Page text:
- Financial Insurance

Deposit Insurance

In the United States, the Federal Deposit Insurance Corporation (FDIC) insures deposits made to accounts in FDIC-insured banks and other financial institutions. The aim of federal deposit insurance is to strengthen public confidence and the financial stability of banking institutions.

Federal deposit insurance and the FDIC were established in 1933 by President Franklin Roosevelt in response to the collapse of many banks and financial institutions during the Great Depression. If depositors lose confidence in a financial institution and attempt to withdraw their deposits en masse in a “run on the bank”, other depositors will usually avoid that bank and it will be unable to replace its declining funds. This can result in the bank’s collapse. Federal deposit insurance is designed to prevent this by insuring deposits up to a set limit, so that if the member institution fails, the depositor can be sure of getting their savings and interest returned to them.

The FDIC currently insures deposits up to $100,000 per account holder, per institution, and up to $250,000 per self-directed retirement account. Federal deposit insurance covers the principal and earned interest on deposits in checking, savings and money market accounts and certificates of deposit (savings certificates with a maturity date and specified fixed interest rate).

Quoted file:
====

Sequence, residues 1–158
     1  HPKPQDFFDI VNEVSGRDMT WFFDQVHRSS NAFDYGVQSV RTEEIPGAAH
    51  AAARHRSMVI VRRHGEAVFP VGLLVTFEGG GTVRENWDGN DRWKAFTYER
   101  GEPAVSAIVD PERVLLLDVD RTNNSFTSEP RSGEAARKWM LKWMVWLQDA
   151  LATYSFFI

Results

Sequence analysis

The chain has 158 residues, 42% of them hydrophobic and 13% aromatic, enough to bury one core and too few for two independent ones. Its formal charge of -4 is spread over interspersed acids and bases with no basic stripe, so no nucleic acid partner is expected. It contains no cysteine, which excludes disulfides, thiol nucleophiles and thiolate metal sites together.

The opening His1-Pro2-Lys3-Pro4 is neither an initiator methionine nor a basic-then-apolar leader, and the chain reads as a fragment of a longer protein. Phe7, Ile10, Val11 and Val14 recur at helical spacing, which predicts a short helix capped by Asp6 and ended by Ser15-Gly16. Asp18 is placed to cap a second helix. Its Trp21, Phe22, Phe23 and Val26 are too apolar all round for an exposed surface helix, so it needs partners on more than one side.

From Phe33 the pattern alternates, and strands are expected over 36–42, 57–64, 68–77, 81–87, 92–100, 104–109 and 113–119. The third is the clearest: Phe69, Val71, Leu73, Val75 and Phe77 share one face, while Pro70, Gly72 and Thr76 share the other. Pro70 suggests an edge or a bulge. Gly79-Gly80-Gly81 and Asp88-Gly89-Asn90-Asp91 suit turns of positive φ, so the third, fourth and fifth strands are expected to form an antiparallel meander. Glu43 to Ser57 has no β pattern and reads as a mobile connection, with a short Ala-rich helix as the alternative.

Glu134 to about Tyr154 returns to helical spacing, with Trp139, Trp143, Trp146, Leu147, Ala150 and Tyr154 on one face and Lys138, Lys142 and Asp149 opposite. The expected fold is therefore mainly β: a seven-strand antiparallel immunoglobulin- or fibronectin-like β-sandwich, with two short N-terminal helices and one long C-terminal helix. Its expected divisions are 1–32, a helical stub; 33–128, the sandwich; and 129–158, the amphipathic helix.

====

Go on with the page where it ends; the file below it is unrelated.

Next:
Federal deposit insurance does not cover U.S. Treasury bills, bonds or notes or investments in mutual funds, stocks, bonds, annuities, life insurance policies or municipal securities, even if these are purchased through a FDIC-insured institution.

Single accounts are covered up to $100,000, and in joint accounts each co-owner is covered up to $100,000. Trusts accounts, including payable-on-death trust accounts, living or family trust accounts, are covered up to $100,000 per beneficiary, so if you have three children and a spouse, then the account would be covered up to $400,000. Employee benefit plan accounts, such as pension and profit-sharing plans, are also covered up to $100,000 per member institution. Corporations, partnerships, charities and associations are covered by the FDIC up to $100,000 no matter how large they are or how many stockholders or members they represent.

Under the FDIC federal deposit insurance coverage, deposits with an insured financial institution are available to the depositor within a few days of the bank’s closure.

Federal deposit insurance gives peace of mind that your hard-earned savings will be secure in the bank. Before opening an account at a financial institution you should check that it is a member of the Federal Deposit Insurance Corporation.